“Lethal autonomous weapon systems are those in which the critical functions of target selection and initiation of violent force have been delegated to the system in ways that preclude meaningful human control,” says Lucy Suchman, professor of anthropology and science and technology at Lancaster University, who is also an ICRAC member.
“The position of the campaign is that the design of weapon systems must render them incapable of operating without meaningful human control. This would, by definition, render lethal autonomous weapons illegal.”
Suchman, however, says she has “no problem” with ‘dumb’, remotely control technology, provided it has “no capacity to cause injury itself.”
Further questions: Tackling glitches and hacking threats
Irrespective of whether a military robot is ‘dumb’ or ‘smart’, questions remain around the use of AI in a military setting.
So far there is little to no evidence of current AI-enabled systems ever being entirely fault-free. Consumers voice recognition devices such as Amazon Echo and Siri, for instance, regularly mishear or misinterpret commands. But the ramifications of such mistakes taking place in the home are hardly comparable to those that might occur on the battlefield.
With the rise of cyberwarfare, there are also misgivings over what might happen in the event of a military robot being hacked. Is it conceivable that robots designed to reduce the number of soldiers on the ground – in turn, limiting human collateral – could have the opposite effect and only increase conflict?
These points will need to be addressed before the next steps are taken in the field of military robotics.
29 Jan 20. Serval design seeks to underscore mobility, protection. Details of the Serval 4×4 armoured fighting vehicle, designed and manufactured by Nexter and Texelis, were revealed at the International Armoured Vehicles (IAV) conference in late January in London.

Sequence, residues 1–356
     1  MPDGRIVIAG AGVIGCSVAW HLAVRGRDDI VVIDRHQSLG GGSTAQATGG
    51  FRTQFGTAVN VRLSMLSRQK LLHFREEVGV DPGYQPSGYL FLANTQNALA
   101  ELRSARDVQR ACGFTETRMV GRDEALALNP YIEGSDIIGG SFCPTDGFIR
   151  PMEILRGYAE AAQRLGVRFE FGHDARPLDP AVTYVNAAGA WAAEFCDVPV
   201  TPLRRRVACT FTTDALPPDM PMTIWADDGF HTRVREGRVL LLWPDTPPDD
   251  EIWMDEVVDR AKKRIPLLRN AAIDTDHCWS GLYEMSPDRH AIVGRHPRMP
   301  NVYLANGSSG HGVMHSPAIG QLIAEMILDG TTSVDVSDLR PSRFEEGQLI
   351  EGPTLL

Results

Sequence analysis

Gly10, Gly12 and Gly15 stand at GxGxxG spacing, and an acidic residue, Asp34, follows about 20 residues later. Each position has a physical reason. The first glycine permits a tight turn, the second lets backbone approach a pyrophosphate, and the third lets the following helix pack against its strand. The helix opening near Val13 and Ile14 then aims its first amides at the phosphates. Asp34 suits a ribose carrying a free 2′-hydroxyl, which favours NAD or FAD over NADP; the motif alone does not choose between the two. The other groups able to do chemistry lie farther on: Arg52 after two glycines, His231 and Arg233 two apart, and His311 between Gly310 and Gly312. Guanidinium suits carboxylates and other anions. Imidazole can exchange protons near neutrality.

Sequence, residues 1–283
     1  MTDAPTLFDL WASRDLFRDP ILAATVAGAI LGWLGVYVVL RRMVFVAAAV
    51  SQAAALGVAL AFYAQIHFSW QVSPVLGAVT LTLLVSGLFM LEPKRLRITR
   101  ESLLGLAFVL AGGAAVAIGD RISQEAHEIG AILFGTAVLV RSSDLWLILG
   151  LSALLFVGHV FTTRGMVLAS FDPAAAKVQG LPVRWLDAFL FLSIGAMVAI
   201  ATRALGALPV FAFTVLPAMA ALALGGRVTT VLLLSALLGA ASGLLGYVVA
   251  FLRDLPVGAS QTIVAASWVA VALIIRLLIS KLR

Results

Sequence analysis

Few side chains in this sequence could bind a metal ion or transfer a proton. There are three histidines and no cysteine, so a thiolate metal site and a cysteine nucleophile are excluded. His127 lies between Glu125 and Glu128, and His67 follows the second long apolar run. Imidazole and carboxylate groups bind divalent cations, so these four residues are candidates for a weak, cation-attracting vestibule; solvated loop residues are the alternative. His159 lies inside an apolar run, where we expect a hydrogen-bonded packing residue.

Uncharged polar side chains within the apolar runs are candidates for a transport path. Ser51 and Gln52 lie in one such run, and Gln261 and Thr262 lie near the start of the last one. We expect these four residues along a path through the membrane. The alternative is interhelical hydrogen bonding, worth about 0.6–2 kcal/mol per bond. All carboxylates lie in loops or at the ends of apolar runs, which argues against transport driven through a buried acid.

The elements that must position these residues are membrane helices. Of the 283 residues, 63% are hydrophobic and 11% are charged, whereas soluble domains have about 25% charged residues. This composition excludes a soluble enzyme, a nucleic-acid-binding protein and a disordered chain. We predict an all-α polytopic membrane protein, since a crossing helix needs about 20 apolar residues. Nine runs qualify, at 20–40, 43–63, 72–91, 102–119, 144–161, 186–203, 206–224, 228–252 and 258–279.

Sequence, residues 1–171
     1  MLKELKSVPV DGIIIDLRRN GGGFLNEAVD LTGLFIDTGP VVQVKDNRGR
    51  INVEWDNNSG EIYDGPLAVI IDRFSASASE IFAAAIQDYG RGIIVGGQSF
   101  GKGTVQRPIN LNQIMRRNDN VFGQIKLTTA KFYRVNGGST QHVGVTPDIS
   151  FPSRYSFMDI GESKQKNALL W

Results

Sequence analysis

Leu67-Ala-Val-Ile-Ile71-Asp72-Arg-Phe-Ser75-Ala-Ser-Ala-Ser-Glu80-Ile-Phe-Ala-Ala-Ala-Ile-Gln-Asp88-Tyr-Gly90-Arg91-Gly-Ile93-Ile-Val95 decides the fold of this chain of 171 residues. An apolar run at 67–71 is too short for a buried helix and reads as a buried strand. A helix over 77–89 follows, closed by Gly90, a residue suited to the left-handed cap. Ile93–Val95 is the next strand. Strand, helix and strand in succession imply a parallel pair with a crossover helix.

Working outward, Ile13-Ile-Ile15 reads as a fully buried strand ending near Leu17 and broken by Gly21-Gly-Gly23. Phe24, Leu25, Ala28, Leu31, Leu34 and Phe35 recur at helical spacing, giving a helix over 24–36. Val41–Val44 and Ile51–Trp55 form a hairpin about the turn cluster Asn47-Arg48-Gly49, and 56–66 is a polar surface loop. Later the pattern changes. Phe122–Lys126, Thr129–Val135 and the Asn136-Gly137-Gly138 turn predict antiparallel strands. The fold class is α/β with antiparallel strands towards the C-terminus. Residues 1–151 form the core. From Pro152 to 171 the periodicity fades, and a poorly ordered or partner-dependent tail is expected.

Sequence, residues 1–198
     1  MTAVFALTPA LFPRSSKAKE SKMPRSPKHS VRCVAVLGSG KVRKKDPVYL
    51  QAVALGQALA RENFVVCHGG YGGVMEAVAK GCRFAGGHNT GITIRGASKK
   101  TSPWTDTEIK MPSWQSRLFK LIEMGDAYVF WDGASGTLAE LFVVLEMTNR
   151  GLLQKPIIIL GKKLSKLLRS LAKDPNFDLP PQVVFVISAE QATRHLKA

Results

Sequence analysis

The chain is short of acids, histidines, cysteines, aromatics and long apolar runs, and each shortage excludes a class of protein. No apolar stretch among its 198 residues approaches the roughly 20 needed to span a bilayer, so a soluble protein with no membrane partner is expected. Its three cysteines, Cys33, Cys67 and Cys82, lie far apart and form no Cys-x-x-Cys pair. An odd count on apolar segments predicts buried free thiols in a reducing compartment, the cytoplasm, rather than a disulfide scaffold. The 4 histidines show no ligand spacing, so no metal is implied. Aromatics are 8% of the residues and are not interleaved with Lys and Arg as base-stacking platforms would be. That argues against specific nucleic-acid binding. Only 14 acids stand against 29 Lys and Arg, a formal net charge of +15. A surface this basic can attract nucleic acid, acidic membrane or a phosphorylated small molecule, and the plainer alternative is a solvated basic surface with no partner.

The first few of a planned 15 prototypes are complete and undergoing a series of factory and off-road trials, and variant qualification is expected to begin in 2021 and continue until 2023, according to a joint presentation by Michael Duckworth, head of export sales at Nexter, and Jean Vandel, managing director of Texelis. They added that there are as many as 25 variants of the vehicle planned for the French Army. (Source: Jane’s)
29 Jan 20. Patria’s 6×6 platform chosen as part of a joint Finnish-Latvian vehicle development programme. Finland and Latvia have agreed on a joint development programme for sustained army mobility enhancement to which Patria is to deliver a 6×6 vehicle chassis platform. This joint programme aims at development of a common armoured wheeled vehicle system. The programme is also open for other countries by mutual consent of Finland and Latvia. In case the development will lead to actual vehicle system procurements in the future, the common system will enhance mobility, cost-efficiency, interoperability and security of supply of the armies in both countries.
“This is an important opening for us, and we hope to see this new vehicle version in production as part of this programme. Patria 6×6 vehicle is our top-notch product combining excellent terrain mobility and ease of use. Long life-span and easy maintenance make it very cost-efficient. It adapts into several missions. Naturally, it would be great if there were also other countries joining forces with Finland and Latvia,” says Jussi Järvinen, president of Patria’s Land business unit.
Patria 6×6 vehicle combines all the best features of Patria’s XA and AMV vehicles. It is simplified, reliable and designed to fill the highest requirements of customers. Its state-of-the-art terrain mobility is guaranteed by an efficient power unit and the independent suspension familiar from the Patria AMV vehicle. Due to the spacious cabin and well-defined functions it is easy to drive and user training simple. Reliability is underlined by the multitude of commercial components used in the vehicle. Commercial components, long life-span and easy maintenance make the vehicle extremely cost-efficient.
The key areas in Patria’s Land business unit include armoured wheeled vehicles, mortar systems and related life cycle support services. Business unit employs 230 people in Hämeenlinna and Tampere.
28 Jan 20. Chinese armoured units conducts high-altitude drills with unmanned systems. China has carried out several days of exercises involving armoured units working alongside robotic and autonomous systems (RAS), it has emerged. The exercise, which took place on the Qinghai-Tibet plateau in August 2019 and has only recently come to the attention of Jane’s, was reported by China Central Television (CCTV) as the first military exercise involving Chinese armour and RAS in altitudes of up to 4,200m.